c. Your investment in valuing your mental health – In my experience as a New York City psychologist, my clients who allocate a good amount of time to caring for their mental health, even outside of therapy, tend to fare much better than clients who barely make time for therapy and other wellness activities. I respect the extremely busy schedule of ambitious New Yorkers, but to truly manage your anxiety more effectively, you need to allocate time and energy.
5. Is it better to see a therapist or a psychologist?
It really depends on the amount of training of the mental health professional. Many therapists who are not clinical psychologists have undergone more training than psychologists. Look into the breath of experience and areas of expertise of the therapist to determine what works for you. Psychologists are considered one type of therapist.
6. How do I choose a psychologist for anxiety?
In the age of the pandemic, it is even harder to find a therapist because so many people are seeking mental health care. Start with the listing sites on the web, including psychologytoday.com and good therapy.org. Cross reference your findings with the list of in-network psychologists listed on your insurance company’s website. It is a frustrating process for many people to find a therapist. Plan to reach out to 10-20 therapists to find one who is available.
Google each therapist to see if they have a website and more information about their expertise and areas of interest.
If you are able to go out of network to find a therapist in New York City, you can probably find a psychologist who has tons of expertise in exactly the issues that you want to focus on. I purposely created my therapy practice website to give potential clients a lot of information about my approach to therapy and my thoughts about many topics in mental health so that people can get a sense of what I am like even before meeting me. See here for a list of articles I’ve written and expert input I’ve offered.
7. What are 3 coping skills or strategies for anxiety?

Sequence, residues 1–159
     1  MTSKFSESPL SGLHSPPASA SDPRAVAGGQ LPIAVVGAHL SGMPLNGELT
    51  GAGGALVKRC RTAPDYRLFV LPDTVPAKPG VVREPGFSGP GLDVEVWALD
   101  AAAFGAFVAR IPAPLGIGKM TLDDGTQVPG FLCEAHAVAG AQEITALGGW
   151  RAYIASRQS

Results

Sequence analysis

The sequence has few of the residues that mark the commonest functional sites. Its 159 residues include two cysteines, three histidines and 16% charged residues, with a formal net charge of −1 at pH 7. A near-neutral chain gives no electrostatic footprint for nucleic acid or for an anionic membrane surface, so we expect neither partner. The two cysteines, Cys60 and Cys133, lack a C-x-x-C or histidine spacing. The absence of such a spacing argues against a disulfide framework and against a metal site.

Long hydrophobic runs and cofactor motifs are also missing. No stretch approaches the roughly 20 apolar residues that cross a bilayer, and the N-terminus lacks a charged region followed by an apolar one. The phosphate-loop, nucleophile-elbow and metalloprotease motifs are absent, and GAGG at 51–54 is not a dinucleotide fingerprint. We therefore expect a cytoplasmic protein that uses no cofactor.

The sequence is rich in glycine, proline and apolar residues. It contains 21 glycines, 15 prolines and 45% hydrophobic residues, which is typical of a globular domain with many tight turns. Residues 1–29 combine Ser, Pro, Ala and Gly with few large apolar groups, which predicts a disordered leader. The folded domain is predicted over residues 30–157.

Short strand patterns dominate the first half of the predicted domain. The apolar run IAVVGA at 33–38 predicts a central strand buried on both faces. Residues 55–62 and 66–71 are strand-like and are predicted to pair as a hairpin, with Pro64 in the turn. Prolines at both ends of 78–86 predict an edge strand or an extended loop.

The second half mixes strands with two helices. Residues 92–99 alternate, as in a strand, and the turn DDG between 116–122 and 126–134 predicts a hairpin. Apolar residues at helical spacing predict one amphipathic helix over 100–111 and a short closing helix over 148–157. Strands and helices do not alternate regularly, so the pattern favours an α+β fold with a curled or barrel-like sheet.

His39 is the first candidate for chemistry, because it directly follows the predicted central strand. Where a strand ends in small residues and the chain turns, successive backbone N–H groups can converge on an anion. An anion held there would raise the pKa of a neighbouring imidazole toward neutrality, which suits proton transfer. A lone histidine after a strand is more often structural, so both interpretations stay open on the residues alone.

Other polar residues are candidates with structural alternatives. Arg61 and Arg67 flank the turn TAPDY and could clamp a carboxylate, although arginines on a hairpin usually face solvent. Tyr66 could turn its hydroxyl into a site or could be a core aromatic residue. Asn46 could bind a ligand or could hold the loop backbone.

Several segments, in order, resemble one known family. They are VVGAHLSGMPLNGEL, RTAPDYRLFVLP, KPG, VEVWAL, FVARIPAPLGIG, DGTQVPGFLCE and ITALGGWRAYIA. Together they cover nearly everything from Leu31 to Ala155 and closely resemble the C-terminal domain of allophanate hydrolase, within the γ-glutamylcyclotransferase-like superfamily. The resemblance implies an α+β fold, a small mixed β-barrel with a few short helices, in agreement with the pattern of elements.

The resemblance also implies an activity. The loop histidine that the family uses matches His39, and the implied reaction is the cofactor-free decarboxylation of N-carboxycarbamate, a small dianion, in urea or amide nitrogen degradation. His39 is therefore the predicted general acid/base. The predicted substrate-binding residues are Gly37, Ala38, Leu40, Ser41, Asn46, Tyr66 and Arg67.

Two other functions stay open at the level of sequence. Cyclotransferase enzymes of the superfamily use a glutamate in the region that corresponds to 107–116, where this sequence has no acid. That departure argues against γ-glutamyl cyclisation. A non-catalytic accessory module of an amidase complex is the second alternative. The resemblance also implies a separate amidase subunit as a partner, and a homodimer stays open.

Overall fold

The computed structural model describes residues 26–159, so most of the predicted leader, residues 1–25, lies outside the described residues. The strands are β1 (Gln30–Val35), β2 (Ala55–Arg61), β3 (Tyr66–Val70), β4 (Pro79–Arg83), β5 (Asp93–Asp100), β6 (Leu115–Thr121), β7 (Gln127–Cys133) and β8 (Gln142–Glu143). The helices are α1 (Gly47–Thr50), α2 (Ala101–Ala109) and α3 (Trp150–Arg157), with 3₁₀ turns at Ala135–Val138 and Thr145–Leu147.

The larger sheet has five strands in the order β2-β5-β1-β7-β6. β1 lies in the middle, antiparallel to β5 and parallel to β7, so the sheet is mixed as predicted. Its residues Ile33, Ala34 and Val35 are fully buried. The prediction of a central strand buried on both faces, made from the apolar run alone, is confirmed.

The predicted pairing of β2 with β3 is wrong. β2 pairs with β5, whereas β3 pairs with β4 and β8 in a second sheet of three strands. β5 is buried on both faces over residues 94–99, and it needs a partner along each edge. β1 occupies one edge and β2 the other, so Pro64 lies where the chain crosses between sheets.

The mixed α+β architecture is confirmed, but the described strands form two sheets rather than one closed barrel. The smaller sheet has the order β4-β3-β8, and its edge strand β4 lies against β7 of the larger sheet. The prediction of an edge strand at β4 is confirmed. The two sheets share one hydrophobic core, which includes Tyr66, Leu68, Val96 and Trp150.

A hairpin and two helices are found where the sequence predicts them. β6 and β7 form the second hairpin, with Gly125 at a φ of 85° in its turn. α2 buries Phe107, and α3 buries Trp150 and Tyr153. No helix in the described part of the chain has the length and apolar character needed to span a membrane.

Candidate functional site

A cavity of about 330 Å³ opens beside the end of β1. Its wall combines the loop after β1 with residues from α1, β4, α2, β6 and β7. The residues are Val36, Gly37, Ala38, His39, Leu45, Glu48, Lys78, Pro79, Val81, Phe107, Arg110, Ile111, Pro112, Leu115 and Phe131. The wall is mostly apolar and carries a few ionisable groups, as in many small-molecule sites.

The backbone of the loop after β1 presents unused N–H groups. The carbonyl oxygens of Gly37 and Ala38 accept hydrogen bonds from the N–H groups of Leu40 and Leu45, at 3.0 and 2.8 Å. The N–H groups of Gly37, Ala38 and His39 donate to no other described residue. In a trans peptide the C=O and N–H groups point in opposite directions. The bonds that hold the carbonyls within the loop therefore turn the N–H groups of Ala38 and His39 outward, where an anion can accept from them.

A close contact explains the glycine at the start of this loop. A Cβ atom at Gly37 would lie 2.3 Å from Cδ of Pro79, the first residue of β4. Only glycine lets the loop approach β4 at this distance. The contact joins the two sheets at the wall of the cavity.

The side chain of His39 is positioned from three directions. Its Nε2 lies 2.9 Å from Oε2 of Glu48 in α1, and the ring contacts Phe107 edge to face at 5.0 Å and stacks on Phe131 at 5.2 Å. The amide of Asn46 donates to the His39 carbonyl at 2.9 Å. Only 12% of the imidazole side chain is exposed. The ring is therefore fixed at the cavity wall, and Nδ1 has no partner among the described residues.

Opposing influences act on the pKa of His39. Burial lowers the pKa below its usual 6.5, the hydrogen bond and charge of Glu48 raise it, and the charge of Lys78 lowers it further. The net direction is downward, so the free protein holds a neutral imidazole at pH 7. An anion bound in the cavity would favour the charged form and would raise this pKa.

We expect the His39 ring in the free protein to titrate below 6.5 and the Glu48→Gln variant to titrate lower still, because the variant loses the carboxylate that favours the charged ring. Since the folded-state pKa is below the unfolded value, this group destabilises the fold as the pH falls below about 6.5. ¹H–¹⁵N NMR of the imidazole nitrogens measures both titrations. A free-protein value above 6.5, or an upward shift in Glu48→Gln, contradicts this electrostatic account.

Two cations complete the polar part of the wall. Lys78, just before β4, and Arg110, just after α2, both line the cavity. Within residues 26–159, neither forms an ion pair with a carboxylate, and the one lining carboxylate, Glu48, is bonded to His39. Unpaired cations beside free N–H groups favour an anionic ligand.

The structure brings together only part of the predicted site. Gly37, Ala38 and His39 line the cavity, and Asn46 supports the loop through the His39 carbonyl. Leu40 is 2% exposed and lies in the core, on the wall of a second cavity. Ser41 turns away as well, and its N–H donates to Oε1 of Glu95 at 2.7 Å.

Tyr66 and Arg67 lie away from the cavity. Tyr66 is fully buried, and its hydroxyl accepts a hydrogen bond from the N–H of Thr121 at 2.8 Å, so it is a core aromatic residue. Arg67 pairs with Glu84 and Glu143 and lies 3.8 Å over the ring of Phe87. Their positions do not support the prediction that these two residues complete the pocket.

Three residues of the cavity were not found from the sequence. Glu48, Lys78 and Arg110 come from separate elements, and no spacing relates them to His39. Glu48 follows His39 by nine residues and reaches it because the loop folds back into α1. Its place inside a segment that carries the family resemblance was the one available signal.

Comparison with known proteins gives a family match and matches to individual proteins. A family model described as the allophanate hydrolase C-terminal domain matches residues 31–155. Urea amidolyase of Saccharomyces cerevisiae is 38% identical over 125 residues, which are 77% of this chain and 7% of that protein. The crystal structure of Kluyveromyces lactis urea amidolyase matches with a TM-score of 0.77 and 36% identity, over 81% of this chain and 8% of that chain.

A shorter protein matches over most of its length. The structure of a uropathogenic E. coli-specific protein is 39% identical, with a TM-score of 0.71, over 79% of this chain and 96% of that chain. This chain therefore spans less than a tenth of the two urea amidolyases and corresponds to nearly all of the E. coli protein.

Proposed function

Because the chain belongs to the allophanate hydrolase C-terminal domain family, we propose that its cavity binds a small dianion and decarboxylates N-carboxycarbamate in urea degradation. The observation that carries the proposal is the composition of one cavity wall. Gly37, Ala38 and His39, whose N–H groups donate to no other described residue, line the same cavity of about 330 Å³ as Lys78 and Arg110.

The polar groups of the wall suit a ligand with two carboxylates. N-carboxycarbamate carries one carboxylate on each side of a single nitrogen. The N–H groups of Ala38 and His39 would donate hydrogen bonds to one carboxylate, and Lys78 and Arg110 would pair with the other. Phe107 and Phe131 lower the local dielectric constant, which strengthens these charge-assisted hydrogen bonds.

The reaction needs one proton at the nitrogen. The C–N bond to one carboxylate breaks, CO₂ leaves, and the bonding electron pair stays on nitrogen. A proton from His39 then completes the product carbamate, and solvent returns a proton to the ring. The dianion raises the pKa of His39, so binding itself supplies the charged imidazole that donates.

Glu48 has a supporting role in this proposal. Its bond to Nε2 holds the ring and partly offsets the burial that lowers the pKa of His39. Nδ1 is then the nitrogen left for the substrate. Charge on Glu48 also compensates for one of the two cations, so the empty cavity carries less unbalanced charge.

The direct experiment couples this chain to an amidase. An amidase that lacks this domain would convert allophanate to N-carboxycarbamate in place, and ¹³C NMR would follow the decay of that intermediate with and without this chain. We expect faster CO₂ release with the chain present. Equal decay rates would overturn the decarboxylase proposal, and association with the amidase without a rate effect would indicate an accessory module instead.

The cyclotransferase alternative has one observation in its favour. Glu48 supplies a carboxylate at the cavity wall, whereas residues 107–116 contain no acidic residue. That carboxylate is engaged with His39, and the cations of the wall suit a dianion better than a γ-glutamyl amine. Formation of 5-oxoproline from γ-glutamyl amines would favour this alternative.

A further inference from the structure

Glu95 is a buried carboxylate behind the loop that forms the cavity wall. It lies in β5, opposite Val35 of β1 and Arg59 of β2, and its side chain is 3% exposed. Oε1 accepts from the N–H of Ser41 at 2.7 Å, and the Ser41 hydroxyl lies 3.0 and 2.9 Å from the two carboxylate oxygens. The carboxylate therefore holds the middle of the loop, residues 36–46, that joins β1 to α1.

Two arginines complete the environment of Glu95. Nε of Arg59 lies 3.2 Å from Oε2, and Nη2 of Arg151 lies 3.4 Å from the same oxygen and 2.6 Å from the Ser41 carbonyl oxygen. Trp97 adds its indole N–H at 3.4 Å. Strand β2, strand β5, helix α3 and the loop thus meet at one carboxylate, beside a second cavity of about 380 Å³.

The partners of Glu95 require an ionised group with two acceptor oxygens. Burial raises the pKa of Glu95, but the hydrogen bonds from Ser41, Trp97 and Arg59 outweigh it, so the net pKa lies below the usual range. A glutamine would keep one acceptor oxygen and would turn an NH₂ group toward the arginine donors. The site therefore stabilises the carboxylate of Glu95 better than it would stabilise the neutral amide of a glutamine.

a. One coping skill for managing anxiety is to identify your triggers. When you are very aware of the exact stressor, you can work with a clinical psychologist to develop tools to take action.
b. Another coping skill is to become very aware of bodily sensations associated with anxious states. How does anxiety show up in your body? It’s different in everyone. When you have a keen understand of your physical symptoms, you’re less likely to be surprised by the way your body responds in the future. The goal is to be able to say, “Oh, my heart is racing not because I’m having a catastrophic medical issue, but because my anxiety has been triggered.
c. Distraction is king. Redirecting your attention away from your anxiety may also work to reduce symptoms.
(Disclaimer: These strategies are for informational purposes only. Please consult a medical or mental health help if you are experiencing significant anxiety.)
8. How do you calm down/ reduce anxiety?
Anxiety is reduced by developing tools to make you feel more prepared for future episodes of anxiety. It all comes down to what you tell yourself, so self-talk is crucial.
9. What triggers anxiety?
Many things can trigger anxiety, including specific environments, painful thoughts, or in some cases, medical issues.
10. Is anxiety a form of mental illness?
It’s tricky to define what constitutes mental illness. Anxiety is a mental health condition. The word “illness” is less clear to define. The DSMV-TR generally defines mental illness as emotional distress that significantly interferes with one or many aspects of your life, including social, occupational, relationship or school functioning.
11. What is anxiety?